Smart lockdowns are based on graduated restrictions ranging from a complete curfew to relative freedom. More importantly, the restrictions would not be applied nationally, provincially or even across one particular city but only to those specific zones where infection is prevalent.

By Langrial’s estimate, a smart lockdown approach would allow 90 percent of the country to stay relatively open. The economy would not be unfettered. But it would survive.

But how does one implement smart lockdowns?

To begin with, Pakistan’s population of 210 million would be organised into economically independent zones using three principles. First, the boundaries would be clearly demarcated and easily communicable. Second, the boundaries would be demarcated to maintain the existing social fabric of the area. Third, the zones would be economically integrated so that at least 80 percent of a zone’s economic activity would be internal to that zone.

The second step is smart testing to differentiate the zones from each other. Testing is crucial because at least 30 percent of the people infected with the Covid-19 virus remain asymptomatic. Unfortunately, given the current cost per test of Rs5,500, Pakistan simply does not have the funds to adopt the aggressive testing approach adopted by East Asian countries like Singapore and South Korea.

Part of the solution is provided by the concept of pooled testing: ten people are swabbed and their samples are all tested in one go. If the pooled sample result is negative, then all 10 people are cleared. Not only does this serve as a cost-cutting measure but the testing coverage of the country can be increased ten times.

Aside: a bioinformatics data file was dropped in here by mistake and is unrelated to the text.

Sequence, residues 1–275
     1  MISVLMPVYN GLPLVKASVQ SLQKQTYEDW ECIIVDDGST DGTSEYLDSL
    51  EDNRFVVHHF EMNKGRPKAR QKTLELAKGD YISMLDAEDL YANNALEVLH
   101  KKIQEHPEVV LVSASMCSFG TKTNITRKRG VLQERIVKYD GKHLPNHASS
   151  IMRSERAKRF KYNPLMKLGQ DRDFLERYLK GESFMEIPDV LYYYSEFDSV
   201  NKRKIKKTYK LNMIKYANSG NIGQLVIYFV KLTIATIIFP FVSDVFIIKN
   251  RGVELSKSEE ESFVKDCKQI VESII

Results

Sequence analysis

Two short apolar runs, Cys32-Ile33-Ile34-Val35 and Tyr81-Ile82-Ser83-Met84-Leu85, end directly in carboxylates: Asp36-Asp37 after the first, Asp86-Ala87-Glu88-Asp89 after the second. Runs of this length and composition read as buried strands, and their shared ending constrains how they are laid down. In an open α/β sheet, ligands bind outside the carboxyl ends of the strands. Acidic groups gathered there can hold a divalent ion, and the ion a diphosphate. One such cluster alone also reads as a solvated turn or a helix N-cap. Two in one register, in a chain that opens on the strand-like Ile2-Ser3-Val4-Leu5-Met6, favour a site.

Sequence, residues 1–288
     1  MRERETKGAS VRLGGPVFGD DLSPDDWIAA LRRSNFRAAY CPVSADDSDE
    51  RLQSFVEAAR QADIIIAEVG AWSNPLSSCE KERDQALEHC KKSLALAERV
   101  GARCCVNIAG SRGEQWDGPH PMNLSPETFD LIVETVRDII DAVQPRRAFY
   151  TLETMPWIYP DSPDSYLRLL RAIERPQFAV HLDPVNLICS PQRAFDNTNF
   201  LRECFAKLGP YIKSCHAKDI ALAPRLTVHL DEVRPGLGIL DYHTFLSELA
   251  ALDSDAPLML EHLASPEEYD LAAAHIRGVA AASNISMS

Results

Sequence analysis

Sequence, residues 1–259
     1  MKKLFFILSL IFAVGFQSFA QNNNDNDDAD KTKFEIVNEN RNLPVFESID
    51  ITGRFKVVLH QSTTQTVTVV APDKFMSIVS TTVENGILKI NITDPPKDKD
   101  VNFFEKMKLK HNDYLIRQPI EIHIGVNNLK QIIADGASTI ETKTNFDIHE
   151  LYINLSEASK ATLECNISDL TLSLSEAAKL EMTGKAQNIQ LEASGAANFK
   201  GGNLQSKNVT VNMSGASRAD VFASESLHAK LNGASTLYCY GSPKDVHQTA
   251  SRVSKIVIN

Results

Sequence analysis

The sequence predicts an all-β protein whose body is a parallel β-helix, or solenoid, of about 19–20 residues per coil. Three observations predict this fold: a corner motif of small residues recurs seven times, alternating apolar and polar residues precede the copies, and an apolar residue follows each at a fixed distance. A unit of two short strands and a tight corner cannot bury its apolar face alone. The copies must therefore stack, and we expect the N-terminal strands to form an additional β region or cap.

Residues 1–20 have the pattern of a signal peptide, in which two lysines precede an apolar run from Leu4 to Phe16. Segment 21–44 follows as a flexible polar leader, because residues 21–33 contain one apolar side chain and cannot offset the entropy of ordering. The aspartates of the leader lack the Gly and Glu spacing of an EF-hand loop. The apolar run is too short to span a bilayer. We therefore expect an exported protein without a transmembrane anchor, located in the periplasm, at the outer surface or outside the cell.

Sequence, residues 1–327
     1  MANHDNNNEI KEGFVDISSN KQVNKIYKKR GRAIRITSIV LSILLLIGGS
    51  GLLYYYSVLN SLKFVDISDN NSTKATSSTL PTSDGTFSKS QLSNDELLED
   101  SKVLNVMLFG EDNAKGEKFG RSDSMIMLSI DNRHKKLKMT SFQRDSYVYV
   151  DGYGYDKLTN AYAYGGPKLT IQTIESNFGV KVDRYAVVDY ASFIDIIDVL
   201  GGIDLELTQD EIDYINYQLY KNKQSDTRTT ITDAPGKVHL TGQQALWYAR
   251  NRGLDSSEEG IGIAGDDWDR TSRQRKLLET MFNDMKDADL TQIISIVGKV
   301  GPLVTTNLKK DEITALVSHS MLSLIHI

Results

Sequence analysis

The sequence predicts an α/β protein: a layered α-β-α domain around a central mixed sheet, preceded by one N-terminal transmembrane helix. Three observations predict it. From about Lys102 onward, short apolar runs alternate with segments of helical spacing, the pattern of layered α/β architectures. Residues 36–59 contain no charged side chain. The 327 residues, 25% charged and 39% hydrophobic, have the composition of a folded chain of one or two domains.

The second half of the solution is provided by an effective sampling strategy. The math is complicated, but the short version is that spending Rs35 billion rupees annually (upgrading labs and HR) allows one to test and map the entire population of Pakistan on a dynamic and periodic basis. Furthermore, the cost of testing is likely to fall once new testing methods reach the market.

The third step is to figure out the actual restrictions to be applied to different zones. As currently proposed, Green zones (90 percent) would be both internally and externally open, possibly including places of public gatherings (schools, mosques etc) with some public distancing/sanitary measures. Yellow zones (5 percent) would be internally open within the zone but externally quarantined from other zones. Brown zones (3 percent) would be similar to Yellow zones but with the addition of certain internal areas being completely locked down. Red zones (2 percent) would be fully locked down with curfew.

Establishing graduated restrictions would help promote a collective sense of responsibility as people would jointly suffer in case their zones have high infection rates. Similarly, communities would jointly benefit from relaxed restrictions if their zone or unit is disease free.

There are many other points which need to be carefully examined. How would interprovincial and international travel work? Would people who have recovered from Covid-19 be given special work and travel privileges? How would governments deal with high incidence locations like religious seminaries, congregations and jails? Langrial has tried to deal with these issues through a detailed paper which is available online. But, obviously, more work and more thought is required.

Covid-19 is a fearsome challenge, especially for developing countries like Pakistan. But we need to accept that the disease is not disappearing any time soon. What we need now is a strategy to manage it till a solution arrives. Langrial’s proposal gives us one such strategy.

The writer is an advocate of the Supreme Court of Pakistan.

Twitter: @laalshah